The show, he adds, "is completely uncynical. It's unabashedly joyful. Working on a show like this, especially in these times, is exactly what I need for my soul."
That helps, particularly during the ongoing pandemic, which has changed so many aspects of his life. Even on set, Jackson says, they wear masks right up to the moment the cameras begin to roll, then rip them off to do their scenes.
At home, where he and his husband, Jason Landau, are raising 4-year-old twins, Jackson says he's "taking it day by day."
"We're homeschooling our kids. Grandma lives with us, so she's helping," he says. "I have a daughter and a son. My husband and I are just trying to get through this pandemic with our sanity, with our family stronger than ever."
Jackson says he's a "natural isolator," and notes that, after some personal problems, he's been sober for eight years.
"I'm in the program, and I know this to be true: I isolate," he says. "I can be a hermit if I don't have something going on. When this all started, I thought great, this is a perfect fit for me, I don't have to leave my house.
"But we need each other. I've learned to reach out and reconnect with my friends. I need to reach out, I need to generate that just to feel a connection. That's been a big, big step for me."
Surprisingly, acting only became a career for Jackson in his late 20s.
"Prior to that I was in Seattle, and I worked a bunch of different jobs," he says - from a bank to a health club to selling magazine ads. He did some theater, but he didn't take the plunge to go professional until he was 27.
"I wanted to go to New York and work on Broadway, but I thought I missed my window," he says. It took a couple of tragedies - the 9/11 terror attacks and, closer to home, a niece's death - to change his perspective.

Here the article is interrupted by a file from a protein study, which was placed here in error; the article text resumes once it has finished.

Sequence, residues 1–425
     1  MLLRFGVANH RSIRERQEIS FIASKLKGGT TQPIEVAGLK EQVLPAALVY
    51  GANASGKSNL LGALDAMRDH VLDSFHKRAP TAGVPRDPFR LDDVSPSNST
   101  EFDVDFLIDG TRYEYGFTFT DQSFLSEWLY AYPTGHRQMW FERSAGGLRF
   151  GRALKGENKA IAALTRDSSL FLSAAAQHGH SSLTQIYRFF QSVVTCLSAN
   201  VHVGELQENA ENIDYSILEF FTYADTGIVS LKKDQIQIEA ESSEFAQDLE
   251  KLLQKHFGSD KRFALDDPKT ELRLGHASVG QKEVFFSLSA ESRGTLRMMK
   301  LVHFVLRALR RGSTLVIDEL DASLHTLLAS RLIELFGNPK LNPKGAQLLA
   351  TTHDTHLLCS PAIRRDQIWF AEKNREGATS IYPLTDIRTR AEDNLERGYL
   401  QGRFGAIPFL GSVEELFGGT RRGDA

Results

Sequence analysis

"Both of those life experiences woke me up, and shook me up. The reminded me that life is finite," he says. "Maybe I didn't have the experience, maybe I didn't have the degree, but I had the talent and the drive." So he moved to New York and auditioned for a stage production of Thoroughly Modern Millie - and got it.
"I was on Broadway three weeks after moving to New York City. It was where I was supposed to be," he says. "I think if I had gone earlier, it wouldn't have happened, and I don't think I've had an audition that good ever since."
He never looked back.
"I want to be an artist and tell stories, make people think, make people laugh," Jackson says. "I look at so many friends who want to know what to do with their lives. I feel terrible for them. This is the only thing I've ever known to be sure."
Besides his work on the stage and small screen, Jackson has appeared in films including United 93, Behind the Candelabra, The Green and Love is Strange, and he's in the upcoming video-game adaptation, Werewolves Within.
"Right now, I'm focusing on the present," he says. "That's hard for me. I'm a dreamer, I like to see what's next and plan."
That includes looking ahead to future jobs. If he could land his dream job, he says, "I'd love to play a superhero."
He got a taste of it in The Watchmen where, as Hooded Justice, "I got to throw my very first punch on camera."
"I'm in my mid-40s so it would have to be a different take on it," Jackson adds with a chuckle. "A middle-aged superhero."
To date, Jackson's roles have been varied - and he likes it that way.
"I get bored otherwise," he says. "I think it started when I was doing theater and Broadway - I moved from show to show, always trying to do a lot of different things."
Whenever possible, he will "say yes to everything," he says.
"I want to try mixing it up as much as possible. It's fun."